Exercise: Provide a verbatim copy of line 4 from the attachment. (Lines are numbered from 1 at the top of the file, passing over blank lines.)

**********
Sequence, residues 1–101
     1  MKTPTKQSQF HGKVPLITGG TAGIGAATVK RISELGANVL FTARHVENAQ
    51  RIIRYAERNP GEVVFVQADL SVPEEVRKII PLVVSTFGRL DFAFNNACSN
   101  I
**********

   101  I